BUFFALO, NY--New analysis of familial colorectal cancer data suggests
that the disease is not associated with genetic anticipation--the
earlier onset of disease in successive generations--said Gloria
M. Petersen, PhD, at the Eighth Annual Meeting of the ICG-HNPCC
(International Collaborative Group-Hereditary Nonpolyposis Colorectal
"The study shows that a cohort effect is responsible for
the apparent observation of genetic anticipation in this disease,"
she said, "and that when the data are corrected for this
bias, there is no statistical trend toward earlier age of onset
in succeeding generations."
Dr. Petersen, associate professor of epidemiology, and her colleagues
at the Johns Hopkins School of Hygiene and Public Health analyzed
data from family history questionnaires from the Johns Hopkins
Hereditary Colorectal Cancer Registry. Of 588 kindreds (1,293
patients), 400 parent/offspring pairs in 260 pedigrees had complete
information regarding age of diagnosis.
The 400 pairs were divided by their birth year into three cohorts:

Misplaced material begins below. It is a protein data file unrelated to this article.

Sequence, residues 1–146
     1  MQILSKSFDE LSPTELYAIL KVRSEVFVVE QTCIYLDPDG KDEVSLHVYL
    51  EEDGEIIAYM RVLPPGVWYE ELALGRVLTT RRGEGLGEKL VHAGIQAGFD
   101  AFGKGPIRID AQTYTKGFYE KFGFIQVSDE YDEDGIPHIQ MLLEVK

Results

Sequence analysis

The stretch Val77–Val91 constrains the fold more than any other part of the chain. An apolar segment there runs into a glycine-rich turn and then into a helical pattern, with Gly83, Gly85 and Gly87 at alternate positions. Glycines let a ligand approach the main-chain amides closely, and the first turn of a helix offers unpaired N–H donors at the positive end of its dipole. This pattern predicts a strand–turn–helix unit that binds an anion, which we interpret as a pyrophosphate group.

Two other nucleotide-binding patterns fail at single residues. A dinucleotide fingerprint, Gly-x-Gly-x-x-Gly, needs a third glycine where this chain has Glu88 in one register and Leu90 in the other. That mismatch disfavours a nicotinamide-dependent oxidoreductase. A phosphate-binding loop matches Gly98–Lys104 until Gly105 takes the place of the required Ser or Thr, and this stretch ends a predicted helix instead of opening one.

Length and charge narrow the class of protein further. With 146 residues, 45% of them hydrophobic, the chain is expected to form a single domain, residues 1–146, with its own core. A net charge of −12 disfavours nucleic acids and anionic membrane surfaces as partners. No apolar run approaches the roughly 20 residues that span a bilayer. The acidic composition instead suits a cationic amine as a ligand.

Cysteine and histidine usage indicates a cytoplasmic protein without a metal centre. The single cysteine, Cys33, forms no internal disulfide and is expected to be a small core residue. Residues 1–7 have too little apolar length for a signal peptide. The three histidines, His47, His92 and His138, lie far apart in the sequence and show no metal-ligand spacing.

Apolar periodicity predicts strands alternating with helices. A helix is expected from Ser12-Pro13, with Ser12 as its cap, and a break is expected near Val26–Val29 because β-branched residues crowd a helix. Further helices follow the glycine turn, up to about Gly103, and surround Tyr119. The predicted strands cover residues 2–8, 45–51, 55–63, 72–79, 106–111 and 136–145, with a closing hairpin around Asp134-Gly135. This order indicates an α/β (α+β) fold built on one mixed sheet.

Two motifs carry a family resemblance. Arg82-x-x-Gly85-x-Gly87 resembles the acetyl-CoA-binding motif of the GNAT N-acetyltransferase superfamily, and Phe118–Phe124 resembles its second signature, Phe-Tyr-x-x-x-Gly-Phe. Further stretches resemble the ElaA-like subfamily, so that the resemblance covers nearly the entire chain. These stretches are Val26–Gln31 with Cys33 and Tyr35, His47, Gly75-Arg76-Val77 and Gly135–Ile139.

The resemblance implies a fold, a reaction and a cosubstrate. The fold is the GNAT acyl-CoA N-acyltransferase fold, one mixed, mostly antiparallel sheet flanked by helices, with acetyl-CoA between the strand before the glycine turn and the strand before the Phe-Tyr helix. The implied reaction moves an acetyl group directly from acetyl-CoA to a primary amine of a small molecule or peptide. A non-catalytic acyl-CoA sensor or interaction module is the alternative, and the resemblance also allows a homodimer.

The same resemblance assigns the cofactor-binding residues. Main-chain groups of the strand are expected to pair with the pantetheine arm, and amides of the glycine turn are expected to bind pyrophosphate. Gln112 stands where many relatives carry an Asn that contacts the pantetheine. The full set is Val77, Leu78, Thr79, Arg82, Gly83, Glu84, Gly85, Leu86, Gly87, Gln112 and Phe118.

persons born before 1921, between 1921 and 1930, and after 1930.
The analysis showed that the offspring and parents in the first
age group were diagnosed at ages 64 and 65, respectively; in the
second age group, at ages 57 and 66; and in the third age group,
at ages 44 and 61.
"The expected cohort effect was observed among the offspring
in the latter two groups. However, in the cohort of subjects born
before 1921, a group that had the same window of risk, we observed
no statistical difference between parents and offspring,"
Dr. Petersen said. Further analysis of the cohort born before
1921, by pairwise comparison and life table analysis, again showed
no difference in age at diagnosis.
The researchers also analyzed two subgroups--52 parent/offspring
pairs from 29 families who met the ICG criteria for hereditary
nonpolyposis colorectal cancer (HNPCC) and 14 parent/offspring
pairs from seven families with known germline mutations of DNA
mismatch repair genes.